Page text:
How BASH Shell Command Search Sequence Works

by on February 11, 2006 · 12 comments· LAST UPDATED August 29, 2007

in , ,

This article was organically contributed by monk.

HASH tables and PATH is not the first method locating your program / executable files. Your program can be a shell function or builtin command or an alias. Here is the complete sequence adopted by BASH shell to execute your command:

  1. Before a command is executed REDIRECTION is done. Then following sequence used by SHELL
  2. ALIASES
  3. Parameter expansion, command substitution, arithmetic expansion, and quote removal before being assigned to the variable
  4. Shell FUNCTION
  5. BUILTIN command
  6. HASH tables
  7. PATH variable
  8. If everything fails, you see command not found error message.

Examples

Try out following simple example to clear your idea about SHELL sequence

a) Create your own bin directory and add to a PATH:
$ mkdir ~/bin
$ export PATH=$PATH:~/bin

b) Create function called hello:
$ function hello() { echo "Hello from function()" ; }

c) Create alias called hello:
$ alias hello='echo Hello from alias'

d) Create script called hello in /home/you/bin directory (which is added to your PATH)
$ echo 'echo Hello from script' > ~/bin/hello
$ chmod +x ~/bin/hello

e) Test it...
Now you have three different commands with same name (i.e. hello). Which one will execute first? Type hello command and find out if above sequences works or not:
$ type hello
$ hello

Output:

Hello from alias

f) Remove alias and run hello again:
$ unalias hello
$ hello

Output:

Hello from function()

g) Remove function hello and run hello again:
$ unset hello
Output:

Hello for script

h) Remove script hello and run hello again:
$ rm ~/bin/hello
$ hello

Output:

bash: /home/monk/bin/hello: No such file or directory

You just removed the hello script but Bash shell still looking hello program at /home/monk/bin/hello location. What is going on here?
Answer is pretty simple - HASH table. (shell is looking for a cached PATH entry for hello script). To verify this just type hash command to see HASH table:
$ hash
Output:

hits    command
1    /bin/rm
1    /bin/cat
2    /usr/bin/print
3    /home/monk/bin/hello
1    /usr/bin/man

Your SHELL remembered path settings name in HASH table. There is an easy solution, just clear hash table and see the effect again:
$ hash -r
$ hello
Output:

bash: hello: command not found

I hope this basic explanation will help to all newbie(s) out there. As a result next time you run a command remember shell goes through quite a complicated sequence of operations to process your request.

Continue reading the second part of "How Linux or UNIX Understand which program to run" series (this is part I).

  • PART I : How Linux or UNIX Understand which program to run
  • PART II : An example: How shell Understand which program to run

Updated for accuracy.

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{ 12 comments… read them below or add one }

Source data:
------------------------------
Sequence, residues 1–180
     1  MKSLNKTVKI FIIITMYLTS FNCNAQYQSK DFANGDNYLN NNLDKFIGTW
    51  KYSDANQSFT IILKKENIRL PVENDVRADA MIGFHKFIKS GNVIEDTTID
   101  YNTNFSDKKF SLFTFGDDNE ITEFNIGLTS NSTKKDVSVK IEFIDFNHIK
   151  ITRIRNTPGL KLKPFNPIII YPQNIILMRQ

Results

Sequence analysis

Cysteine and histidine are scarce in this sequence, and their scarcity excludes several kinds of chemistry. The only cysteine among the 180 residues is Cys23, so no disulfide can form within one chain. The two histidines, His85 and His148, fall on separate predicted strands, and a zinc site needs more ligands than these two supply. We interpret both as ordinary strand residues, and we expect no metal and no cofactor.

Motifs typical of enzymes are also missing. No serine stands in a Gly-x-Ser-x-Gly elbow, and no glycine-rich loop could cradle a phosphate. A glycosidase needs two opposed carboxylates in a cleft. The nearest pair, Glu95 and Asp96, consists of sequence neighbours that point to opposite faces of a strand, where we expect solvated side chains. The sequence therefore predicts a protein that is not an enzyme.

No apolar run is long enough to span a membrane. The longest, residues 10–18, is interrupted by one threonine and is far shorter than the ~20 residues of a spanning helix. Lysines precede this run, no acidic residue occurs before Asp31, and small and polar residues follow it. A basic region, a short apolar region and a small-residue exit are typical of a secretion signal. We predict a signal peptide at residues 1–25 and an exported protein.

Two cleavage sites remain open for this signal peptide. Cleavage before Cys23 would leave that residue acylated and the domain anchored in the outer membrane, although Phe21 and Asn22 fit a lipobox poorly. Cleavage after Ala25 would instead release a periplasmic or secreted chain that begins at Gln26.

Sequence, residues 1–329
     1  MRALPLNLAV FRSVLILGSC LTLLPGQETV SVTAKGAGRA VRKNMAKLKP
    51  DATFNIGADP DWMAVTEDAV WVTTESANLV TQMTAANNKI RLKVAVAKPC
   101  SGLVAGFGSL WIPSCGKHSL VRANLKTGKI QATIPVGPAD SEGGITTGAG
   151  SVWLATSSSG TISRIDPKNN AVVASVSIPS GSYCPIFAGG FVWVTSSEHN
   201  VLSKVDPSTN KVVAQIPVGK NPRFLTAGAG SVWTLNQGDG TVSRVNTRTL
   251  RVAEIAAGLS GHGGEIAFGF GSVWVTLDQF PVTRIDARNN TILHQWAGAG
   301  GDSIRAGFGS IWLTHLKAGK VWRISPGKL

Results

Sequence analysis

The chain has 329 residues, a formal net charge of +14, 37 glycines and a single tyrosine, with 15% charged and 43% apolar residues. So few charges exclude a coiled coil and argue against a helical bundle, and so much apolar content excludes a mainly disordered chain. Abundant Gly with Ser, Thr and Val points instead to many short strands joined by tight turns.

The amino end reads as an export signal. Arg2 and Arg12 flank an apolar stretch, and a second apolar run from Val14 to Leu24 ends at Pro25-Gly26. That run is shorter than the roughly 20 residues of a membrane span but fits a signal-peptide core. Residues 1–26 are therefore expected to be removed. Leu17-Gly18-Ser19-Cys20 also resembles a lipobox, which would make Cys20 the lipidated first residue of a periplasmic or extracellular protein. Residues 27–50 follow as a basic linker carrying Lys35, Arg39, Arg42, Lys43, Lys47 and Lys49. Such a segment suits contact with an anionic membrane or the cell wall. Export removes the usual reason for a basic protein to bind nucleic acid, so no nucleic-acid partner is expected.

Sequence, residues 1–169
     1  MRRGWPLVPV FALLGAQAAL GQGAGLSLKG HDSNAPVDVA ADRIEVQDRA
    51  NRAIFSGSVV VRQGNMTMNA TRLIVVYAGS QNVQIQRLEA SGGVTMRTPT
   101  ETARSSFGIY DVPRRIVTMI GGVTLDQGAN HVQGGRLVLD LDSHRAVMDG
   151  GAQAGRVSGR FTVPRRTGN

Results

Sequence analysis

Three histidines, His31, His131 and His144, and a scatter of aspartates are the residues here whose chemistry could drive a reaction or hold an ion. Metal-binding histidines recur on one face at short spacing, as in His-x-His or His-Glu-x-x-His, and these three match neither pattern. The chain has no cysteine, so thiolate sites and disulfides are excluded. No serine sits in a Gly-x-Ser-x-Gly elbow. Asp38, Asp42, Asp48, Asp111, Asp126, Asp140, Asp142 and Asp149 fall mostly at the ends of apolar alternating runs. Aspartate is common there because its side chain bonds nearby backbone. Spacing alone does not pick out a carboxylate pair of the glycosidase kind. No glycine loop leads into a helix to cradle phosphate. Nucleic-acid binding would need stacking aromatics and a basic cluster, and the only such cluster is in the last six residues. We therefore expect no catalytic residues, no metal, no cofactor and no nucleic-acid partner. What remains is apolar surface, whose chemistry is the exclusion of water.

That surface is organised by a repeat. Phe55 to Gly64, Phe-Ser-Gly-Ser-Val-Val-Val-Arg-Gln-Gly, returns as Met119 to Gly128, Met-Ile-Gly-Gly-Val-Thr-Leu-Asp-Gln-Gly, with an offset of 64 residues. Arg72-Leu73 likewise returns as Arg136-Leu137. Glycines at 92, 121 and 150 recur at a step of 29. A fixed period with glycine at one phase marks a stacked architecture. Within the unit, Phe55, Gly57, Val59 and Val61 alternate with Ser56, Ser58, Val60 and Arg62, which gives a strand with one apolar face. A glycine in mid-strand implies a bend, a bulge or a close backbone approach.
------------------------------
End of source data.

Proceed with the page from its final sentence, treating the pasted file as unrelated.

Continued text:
1 Vurdlak February 11, 2006 at 8:25 pm

this is great stuff can i get permission to publish it on my c++ maniac blog?? i’ll inlude your link!

Reply

2 Hatim February 12, 2006 at 8:29 pm

Neat

Reply

3 Anonymous February 12, 2006 at 11:37 pm

great stuff but why cant u explain other topic also like “PAM” “CRON” ?
PRASHANT K

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4 jmarki February 13, 2006 at 1:05 am

Is this only for the bash shell or for most of the common shells being used (tcsh, sh)?

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5 Anonymous February 13, 2006 at 1:21 am

Built-in command –> external commands.

I think the author used bash shell as an example here, so it is BASH specific stuff.

Best Regards,

Mike

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6 Anonymous February 19, 2006 at 11:52 am

The description while simple, is acturate enough for most modern shells (zsh, bash, *ksh, *csh)

Regards,

Pete

PS: Aliases, Functions and Builtins have to be above external commands in the search order as the shell can not be customised internally if external commands are given priority. Consider, alias ls=’ls -aF’ as an example, this allow a user to essentially customise there POSIX Environment (Standardised UNIX Like Environment — Linux is a KERNEL, not an operating system) without the need for external commands.

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7 sathiya June 4, 2006 at 4:17 pm


simply superb

Reply

8 Diptanjan June 12, 2007 at 1:24 pm

Simple and to the point.

Reply

9 Philippe April 24, 2009 at 1:54 pm

Very interesting and informative. Thank you for taking the time to post this.

Reply

10 Nizzy October 29, 2009 at 9:00 pm

somehow the word function does not execute.

which is correct?
function func_name() {
}
or
func_name() {
}
or
function func_name {
}

if put the plain test into hello file, then command hello prints. but if I make it a function, it returns nothing, but does not give error.

please help

Reply

11 Nizzy October 29, 2009 at 9:55 pm

I finally executed the function, however, it will not execute in the next login even if I have the path in the PATH.

if I source the func_file, then I can execute, but then I have to source each time..why?

Reply

12 Anoop July 15, 2011 at 6:02 pm

Thank you! I found the hash -r part very useful!

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